Distinguished Professor Of Finance Reflects On Decades Of Service
Sept. 28, 2018
SHSU Media Contact: Tyler Pointer
Sam Houston State University’s College of Business Administration boasts one of the most extensive programs in the school, with many degree plans, course options and a highly-honored faculty.
Distinguished Professor of Finance Bala Maniam has impacted the students, faculty and staff of SHSU for more than 20 years, with his contributions in research, teaching and serving in academia and professional organizations.
Growing up in Malaysia with a large family, Maniam from an early age found science to be an interesting subject to explore and study.
“My undergraduate degree was in computer science,” Maniam said. “Early-on, I was very much a pure-science person based on my interests, but I started to see the importance of the business side too.”
Maniam’s journey into finance and the world of academia began when he was pursuing his graduate degree.
“I had an amazing finance professor and an economics professor,” Maniam said. “As a research assistant for the economics professor, he advised me to pursue a Ph.D. because of my skills in researching. I substituted as a teaching assistant for my finance professor, and he came to me one day saying that his students were praising my teaching abilities. That was the first time I said, ‘maybe I should do this,’ and I believe that thanks to him, Bill Williams, that I became a teacher.”
Maniam taught at one other university before making his way to SHSU in 1997, where he has since solidified his place as one of the most distinguished professors in the entire institution.
To speak to this, Maniam received the Faculty Excellence Award in Service earlier this year to honor the years of aid he has given to the University, academic communities, external evaluations for students across the world and a multitude of professional organizations.
“Teaching, research and service are all interconnected in some ways,” Maniam said. “Research is something you share with students and as you are doing more and more in that you get exposure. With that exposure, other people want you to serve in the academies and professional organizations. Thanks to SHSU, I’ve had this professional growth while giving back to the field that gave me my drive.”
Maniam not only wishes to continue his contributions across all platforms, but hopes that students and faculty will follow his lead in service.
“Service should be something that you want to do, not something that you are told to,” Maniam said. “I always want to be a contributing member in whichever way is possible. From a micro-perspective, I want to be a role model to other faculty and students. With them seeing the impact service can make, it will ensure the progression of the academy and profession.”
Serving in as many organizations and ways that Maniam does can be a great time commitment, and he thanks his loved ones for their support in his endeavors.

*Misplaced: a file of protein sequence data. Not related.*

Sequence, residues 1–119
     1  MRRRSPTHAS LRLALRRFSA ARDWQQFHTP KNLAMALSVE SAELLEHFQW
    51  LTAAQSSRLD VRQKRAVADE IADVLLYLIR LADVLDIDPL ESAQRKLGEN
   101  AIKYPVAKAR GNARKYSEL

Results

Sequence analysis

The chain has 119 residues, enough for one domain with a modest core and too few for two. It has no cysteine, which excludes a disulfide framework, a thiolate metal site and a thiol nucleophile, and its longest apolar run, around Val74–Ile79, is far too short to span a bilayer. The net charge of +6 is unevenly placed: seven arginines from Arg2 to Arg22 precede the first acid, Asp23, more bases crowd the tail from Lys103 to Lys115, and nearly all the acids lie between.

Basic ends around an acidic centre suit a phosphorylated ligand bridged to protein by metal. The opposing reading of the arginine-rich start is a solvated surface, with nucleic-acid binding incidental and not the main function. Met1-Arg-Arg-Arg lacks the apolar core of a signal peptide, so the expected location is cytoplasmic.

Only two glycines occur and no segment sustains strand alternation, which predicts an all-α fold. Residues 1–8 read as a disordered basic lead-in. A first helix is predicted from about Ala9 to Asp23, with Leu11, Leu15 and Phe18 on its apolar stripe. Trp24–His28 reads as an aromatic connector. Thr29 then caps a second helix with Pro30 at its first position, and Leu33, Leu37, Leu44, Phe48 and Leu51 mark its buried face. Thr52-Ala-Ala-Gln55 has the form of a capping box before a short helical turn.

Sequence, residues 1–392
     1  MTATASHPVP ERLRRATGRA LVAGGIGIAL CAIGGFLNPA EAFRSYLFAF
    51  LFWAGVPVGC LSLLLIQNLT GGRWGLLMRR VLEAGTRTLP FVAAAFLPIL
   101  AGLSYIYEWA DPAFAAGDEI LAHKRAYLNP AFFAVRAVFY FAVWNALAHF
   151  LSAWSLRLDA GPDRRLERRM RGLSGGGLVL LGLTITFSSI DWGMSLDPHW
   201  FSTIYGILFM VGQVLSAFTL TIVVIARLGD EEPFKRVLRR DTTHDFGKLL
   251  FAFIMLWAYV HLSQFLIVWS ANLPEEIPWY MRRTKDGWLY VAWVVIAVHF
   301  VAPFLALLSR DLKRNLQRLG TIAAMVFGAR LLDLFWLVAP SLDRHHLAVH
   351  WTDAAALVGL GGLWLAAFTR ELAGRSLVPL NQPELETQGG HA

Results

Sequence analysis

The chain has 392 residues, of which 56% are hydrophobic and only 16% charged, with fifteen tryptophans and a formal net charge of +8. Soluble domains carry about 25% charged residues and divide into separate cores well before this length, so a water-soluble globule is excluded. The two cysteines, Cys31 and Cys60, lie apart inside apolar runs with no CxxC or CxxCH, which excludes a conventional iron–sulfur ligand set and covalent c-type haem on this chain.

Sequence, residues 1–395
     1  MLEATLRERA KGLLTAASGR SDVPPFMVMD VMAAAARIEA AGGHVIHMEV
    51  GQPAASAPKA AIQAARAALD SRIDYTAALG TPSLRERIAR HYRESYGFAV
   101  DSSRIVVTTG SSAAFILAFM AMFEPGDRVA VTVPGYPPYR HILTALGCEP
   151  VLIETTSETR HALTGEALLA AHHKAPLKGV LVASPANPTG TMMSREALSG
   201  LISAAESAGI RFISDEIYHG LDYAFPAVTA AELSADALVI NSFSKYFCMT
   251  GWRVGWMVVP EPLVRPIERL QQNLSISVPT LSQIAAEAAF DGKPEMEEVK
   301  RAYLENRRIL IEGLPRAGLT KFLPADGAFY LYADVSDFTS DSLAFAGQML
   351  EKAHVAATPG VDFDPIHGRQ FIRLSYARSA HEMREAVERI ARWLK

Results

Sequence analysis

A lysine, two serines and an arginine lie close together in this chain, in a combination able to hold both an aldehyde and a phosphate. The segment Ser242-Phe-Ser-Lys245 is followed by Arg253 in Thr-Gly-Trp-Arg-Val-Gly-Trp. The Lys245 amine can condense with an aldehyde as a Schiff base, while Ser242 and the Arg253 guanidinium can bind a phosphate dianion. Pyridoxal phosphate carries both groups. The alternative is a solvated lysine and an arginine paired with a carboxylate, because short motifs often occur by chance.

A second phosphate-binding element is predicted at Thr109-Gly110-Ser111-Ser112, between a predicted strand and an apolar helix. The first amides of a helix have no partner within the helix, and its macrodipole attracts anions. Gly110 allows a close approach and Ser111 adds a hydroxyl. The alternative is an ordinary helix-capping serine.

“I give a lot of credit to my wife, who understands my passion and time dedication to service that sometimes even takes up my weekends,” Maniam said. “Teaching both in-person and online is a 24-hour commitment. I’ve been in the shoes of students before, so I know how important it is to make myself available to them whenever I can. The same goes for the academy.”
Students have made a lasting impact on Maniam’s career and he wants to make an impression that they take with them for the rest of their lives.
“Teaching is everything,” Maniam said. “When you take away all these titles and awards I have, I would like someone to say ‘Bala was a good teacher,’ and when my students leave my classroom, I want them to remember the things I taught them and bring them into the real-world. If I added value to their learning, then I think I was successful.
Maniam’s example of service is inspirational to his fellow faculty, a nominator stating “Bala fully embraces the holistic approach needed at Sam to make a significant impact on the lives of our students. This in turn assists in the statewide goal of improving our retention rates. He understands the inherent sense of belonging which is essential for student success.”
Maniam has no plans of slowing his commitments to service in the near future, hoping to continue to serve and pursue more research.
“My professional goal is simple,” Maniam said. “I want to leave a legacy at SHSU as someone who strove to excel in all three areas of this profession. I want my students to remember me for my in-class instruction as well as my service outside the classroom. I want my fellow faculty to remember me for my service and contributions to the profession. I also want them to know that I did not ‘retire on the job,’ but instead was always seeking new ways to serve them as well as others.”
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